Durham University
Programme and Module Handbook

Postgraduate Programme and Module Handbook 2012-2013 (archived)


Department: Modern Language and Cultures


Type Tied Level 4 Credits 15 Availability Available in 2012/13 Module Cap None.
Tied to R9K107


  • None.


  • None.

Excluded Combination of Modules

  • None.


  • This module runs only in English. This module is highly recommended to non-native speakers of English and also native speakers of English are recommended to consider the module if they intend to carry out editing, revision, copyediting, or related editorial task. The module provides the students with a grounding and training in using systematic approaches to assessing the quality of a long piece of writing (minimum 5000) and to act with appropriate approaches. The module will introduce principles of post-editing, revision, editing, copy-editing, proof-reading methods intended to enhance the quality of written documents.
  • The module intends to equip students who will be working in various context as copyeditors, editors, post-editors, proof-readers, revisers for professional publishing of texts in English for dissemination to a general or specialised readership and who will exercise a function of quality control over texts that might have been manipulated by controlled language systems, automatically generated, or combined from texts of different writers.


  • The module provides intensive practice in advanced editorial skills (used both in the context of translational activities and creative writing) that focus on macrotextual features such as style, cohesion, and coherence of the text, and micro-textual features such punctuation, spelling, layout, and formatting.
  • Through abundant examples, the module will provide experience in proof-reading techniques and postediting practices.The course introduces proof-reading and post-editing techniques and where appropriate the proof-reading symbols and how to use them.
  • The skills of revising and proof-reading consist of spotting, marking, and prioritizing which errors to address in the given time and rest on the development of effective techniques of revision.

Learning Outcomes

Subject-specific Knowledge:
  • Students will acquire knowledge of the processes involved in harmonizing a document produced in English by highly competenent non-native speakers.
  • Students will acquire knowledge of the processes involved in respecting strict formatting and layout guidelines.
  • Students will acquire an understanding of the methods and processes in editing and proof-reading large documents
Subject-specific Skills:
  • Students will acquire the ability:
  • to identify a weak argument;
  • to identify issues in communication and coherence;
  • to spot errors;
  • to mark errors;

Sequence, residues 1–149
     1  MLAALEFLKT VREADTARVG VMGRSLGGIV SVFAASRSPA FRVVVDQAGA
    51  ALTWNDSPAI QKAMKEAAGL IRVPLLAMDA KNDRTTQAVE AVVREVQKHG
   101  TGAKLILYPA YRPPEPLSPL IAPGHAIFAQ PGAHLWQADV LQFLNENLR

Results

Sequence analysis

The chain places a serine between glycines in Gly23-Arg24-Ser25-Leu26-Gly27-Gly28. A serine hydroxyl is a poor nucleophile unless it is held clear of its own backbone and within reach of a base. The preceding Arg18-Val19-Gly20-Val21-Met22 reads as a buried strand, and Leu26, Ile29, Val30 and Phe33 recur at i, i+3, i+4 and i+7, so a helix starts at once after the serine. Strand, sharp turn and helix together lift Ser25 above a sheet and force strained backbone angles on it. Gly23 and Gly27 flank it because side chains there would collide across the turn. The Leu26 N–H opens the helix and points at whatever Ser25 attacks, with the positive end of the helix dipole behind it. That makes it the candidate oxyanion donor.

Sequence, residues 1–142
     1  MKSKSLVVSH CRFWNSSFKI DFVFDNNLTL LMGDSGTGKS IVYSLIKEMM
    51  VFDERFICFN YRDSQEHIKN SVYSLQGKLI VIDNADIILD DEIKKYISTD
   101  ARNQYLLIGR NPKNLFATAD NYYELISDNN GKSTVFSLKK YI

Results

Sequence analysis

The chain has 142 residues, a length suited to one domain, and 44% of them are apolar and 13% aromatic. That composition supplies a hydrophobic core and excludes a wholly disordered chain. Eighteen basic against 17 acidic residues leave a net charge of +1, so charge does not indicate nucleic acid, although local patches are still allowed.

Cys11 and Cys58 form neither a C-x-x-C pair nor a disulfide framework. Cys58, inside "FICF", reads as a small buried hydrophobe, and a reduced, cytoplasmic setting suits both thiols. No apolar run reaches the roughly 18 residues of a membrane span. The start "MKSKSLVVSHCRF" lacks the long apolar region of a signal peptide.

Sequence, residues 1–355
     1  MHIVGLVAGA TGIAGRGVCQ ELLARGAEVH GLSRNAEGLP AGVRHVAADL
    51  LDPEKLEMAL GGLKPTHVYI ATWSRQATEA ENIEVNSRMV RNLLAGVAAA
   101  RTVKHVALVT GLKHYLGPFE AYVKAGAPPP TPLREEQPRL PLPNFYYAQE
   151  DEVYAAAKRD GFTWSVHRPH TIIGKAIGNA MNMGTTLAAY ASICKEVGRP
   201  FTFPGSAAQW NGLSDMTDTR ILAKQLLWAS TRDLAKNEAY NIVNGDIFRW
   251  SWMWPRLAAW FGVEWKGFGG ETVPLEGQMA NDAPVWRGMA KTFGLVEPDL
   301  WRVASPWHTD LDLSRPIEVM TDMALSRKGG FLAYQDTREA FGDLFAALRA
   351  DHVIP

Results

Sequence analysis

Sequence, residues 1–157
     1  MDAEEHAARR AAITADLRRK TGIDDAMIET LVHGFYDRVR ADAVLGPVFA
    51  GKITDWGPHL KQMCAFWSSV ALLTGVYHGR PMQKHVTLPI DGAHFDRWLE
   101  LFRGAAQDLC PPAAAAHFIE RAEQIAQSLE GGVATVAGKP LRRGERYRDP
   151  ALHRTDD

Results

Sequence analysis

• to address stylistic slips;
  • to enhance stylistic sloppiness;
  • to improve readibility;
  • to ensure that the meaning of a text is fully conveyed;
  • to deal with interferences in texts combined from multiple authors of different linguistic backgrounds;
  • to master the post-editing of computer-controlled, or generated texts in English.
Key Skills:
  • the use of advanced features of word processing software;
  • the ability to assess quality in written English;
  • the ability to evaluate achievements;
  • the ability to work independently;
  • the ability to present written work of publishable standards.

Modes of Teaching, Learning and Assessment and how these contribute to the learning outcomes of the module

  • The module is taught in the form of seminars in Michaelmas and Epiphany terms. The students are introduced to copy-editing, content-editing and proof-reading techniques and issues in Michaelmas term. In Epiphany term the students will focus on developing an awareness of issues which affect the communicative efficiency of a text, taking into account its socio-cultural and specialist context.
  • The course is taught for one hour per week over the two terms so as to allow the students to develop their skills and awareness of key issues gradually prior to being assessed.
  • The module is assessed by a 500-word initial commentary on a text (which is 500-2,000 words long) of the student's choice; this is followed by a 2,500-word essay on editorial issues.
  • Both assessments are to be submitted in Easter Term.
  • The students need to obtain pre-approval from the course tutor of the text they have found for commentary.

Teaching Methods and Learning Hours

Activity Number Frequency Duration Total/Hours
Seminars 18 weekly 1 hour 18
Student Preparation and Background Reading 72
General background Reading 50
Total 150

Summative Assessment

Component: Commentary Component Weighting: 20%
Element Length / duration Element Weighting Resit Opportunity
Commentary 500 100% yes
Component: Essay on Editorial Issues Component Weighting: 80%
Element Length / duration Element Weighting Resit Opportunity
Essay on Editorial Issues 3,000 100% yes

Formative Assessment:

Seminars allow tutors to provide oral feedback at every session. oral feedback develops the students strategies for revision and proof-reading.

Attendance at all activities marked with this symbol will be monitored. Students who fail to attend these activities, or to complete the summative or formative assessment specified above, will be subject to the procedures defined in the University's General Regulation V, and may be required to leave the University